Summaries from the conference held November 15-18 in Minneapolis
Gestures have timely impact on thought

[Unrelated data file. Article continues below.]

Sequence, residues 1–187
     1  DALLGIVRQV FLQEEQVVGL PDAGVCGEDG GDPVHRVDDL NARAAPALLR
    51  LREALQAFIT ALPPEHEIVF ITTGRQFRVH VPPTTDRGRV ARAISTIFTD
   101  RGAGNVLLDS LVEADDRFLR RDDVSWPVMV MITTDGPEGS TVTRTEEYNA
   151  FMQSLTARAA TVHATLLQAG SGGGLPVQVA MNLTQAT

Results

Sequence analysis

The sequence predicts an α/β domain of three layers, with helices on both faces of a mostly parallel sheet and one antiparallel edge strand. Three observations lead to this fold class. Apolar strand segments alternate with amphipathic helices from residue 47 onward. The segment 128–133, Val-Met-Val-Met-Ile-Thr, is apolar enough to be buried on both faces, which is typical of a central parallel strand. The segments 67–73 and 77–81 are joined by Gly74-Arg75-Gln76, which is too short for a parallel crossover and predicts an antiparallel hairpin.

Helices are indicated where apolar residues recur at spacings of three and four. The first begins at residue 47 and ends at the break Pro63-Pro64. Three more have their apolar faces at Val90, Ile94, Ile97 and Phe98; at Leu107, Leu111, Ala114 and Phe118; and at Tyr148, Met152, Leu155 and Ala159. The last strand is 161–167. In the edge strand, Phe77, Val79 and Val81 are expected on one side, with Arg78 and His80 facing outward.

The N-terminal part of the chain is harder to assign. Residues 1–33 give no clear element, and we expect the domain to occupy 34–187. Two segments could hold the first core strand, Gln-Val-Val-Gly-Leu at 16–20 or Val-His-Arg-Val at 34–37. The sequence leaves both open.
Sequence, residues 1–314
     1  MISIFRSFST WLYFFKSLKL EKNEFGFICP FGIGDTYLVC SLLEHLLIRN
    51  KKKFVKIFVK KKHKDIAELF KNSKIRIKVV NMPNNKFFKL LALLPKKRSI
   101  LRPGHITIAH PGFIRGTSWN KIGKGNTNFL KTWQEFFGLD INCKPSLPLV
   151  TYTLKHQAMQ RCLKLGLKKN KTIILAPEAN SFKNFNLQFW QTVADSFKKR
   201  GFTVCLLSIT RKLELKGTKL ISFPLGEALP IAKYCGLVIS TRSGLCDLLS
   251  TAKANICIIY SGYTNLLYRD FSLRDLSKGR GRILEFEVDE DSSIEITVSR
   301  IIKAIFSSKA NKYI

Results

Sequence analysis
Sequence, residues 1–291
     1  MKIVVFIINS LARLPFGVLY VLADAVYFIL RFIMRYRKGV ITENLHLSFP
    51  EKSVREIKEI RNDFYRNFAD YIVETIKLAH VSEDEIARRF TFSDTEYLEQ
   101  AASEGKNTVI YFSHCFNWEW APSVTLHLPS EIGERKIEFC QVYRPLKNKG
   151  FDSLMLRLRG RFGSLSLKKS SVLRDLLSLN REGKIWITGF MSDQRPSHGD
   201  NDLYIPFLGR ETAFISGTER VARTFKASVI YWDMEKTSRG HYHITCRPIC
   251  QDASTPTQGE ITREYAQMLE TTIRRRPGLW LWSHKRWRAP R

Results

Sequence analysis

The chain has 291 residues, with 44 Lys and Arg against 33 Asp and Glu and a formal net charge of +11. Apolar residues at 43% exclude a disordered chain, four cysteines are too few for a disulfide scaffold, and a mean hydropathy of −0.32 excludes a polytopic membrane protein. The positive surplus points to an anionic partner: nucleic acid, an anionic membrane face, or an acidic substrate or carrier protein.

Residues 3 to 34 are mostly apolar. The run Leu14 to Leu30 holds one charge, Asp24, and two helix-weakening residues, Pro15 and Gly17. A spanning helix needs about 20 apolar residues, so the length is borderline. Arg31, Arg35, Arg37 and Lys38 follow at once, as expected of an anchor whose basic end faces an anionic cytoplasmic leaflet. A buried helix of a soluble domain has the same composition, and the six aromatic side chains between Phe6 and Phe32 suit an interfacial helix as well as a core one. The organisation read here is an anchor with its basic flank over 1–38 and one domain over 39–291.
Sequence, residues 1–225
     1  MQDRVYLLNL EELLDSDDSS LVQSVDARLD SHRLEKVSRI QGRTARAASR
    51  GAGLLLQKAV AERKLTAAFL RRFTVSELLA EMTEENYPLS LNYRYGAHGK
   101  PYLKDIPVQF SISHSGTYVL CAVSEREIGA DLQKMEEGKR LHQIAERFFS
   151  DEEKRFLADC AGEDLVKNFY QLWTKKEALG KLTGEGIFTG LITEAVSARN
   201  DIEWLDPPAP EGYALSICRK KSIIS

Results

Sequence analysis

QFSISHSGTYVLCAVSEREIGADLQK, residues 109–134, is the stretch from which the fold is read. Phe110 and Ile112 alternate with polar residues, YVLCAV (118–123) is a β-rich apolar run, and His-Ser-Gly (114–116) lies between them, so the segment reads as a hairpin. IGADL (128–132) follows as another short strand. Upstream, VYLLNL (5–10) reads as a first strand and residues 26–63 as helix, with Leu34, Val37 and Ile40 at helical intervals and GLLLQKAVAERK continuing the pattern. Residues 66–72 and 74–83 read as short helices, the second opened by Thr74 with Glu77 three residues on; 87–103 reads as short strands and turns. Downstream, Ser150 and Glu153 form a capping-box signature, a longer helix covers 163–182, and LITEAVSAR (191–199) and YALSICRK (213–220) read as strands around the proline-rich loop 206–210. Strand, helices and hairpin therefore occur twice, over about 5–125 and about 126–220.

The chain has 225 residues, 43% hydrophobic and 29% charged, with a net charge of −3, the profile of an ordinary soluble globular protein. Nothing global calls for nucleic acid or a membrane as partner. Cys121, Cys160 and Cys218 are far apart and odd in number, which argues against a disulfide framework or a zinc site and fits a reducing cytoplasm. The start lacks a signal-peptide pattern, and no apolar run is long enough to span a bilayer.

People think differently about the passage of time based on gestures someone else uses while describing, say, a day’s events or the growth of a seed into a flower, Stanford University psychologist Barbara Tversky reported on November 17. In a series of experiments, Tversky’s colleague Azadeh Jamalian of Columbia University asked volunteers to diagram progressions of familiar events. While describing these tasks, Jamalian gestured in a straight line from left to right, gestured in a circle or made no gestures. Most individuals drew linear diagrams after seeing linear gestures and circular diagrams after seeing circular gestures. Linear diagrams predominated if no gestures were used, because people tend to conceive of time as running on a line, Tversky said. Gestures by another person can subtly alter that default notion of how time proceeds, she proposed.
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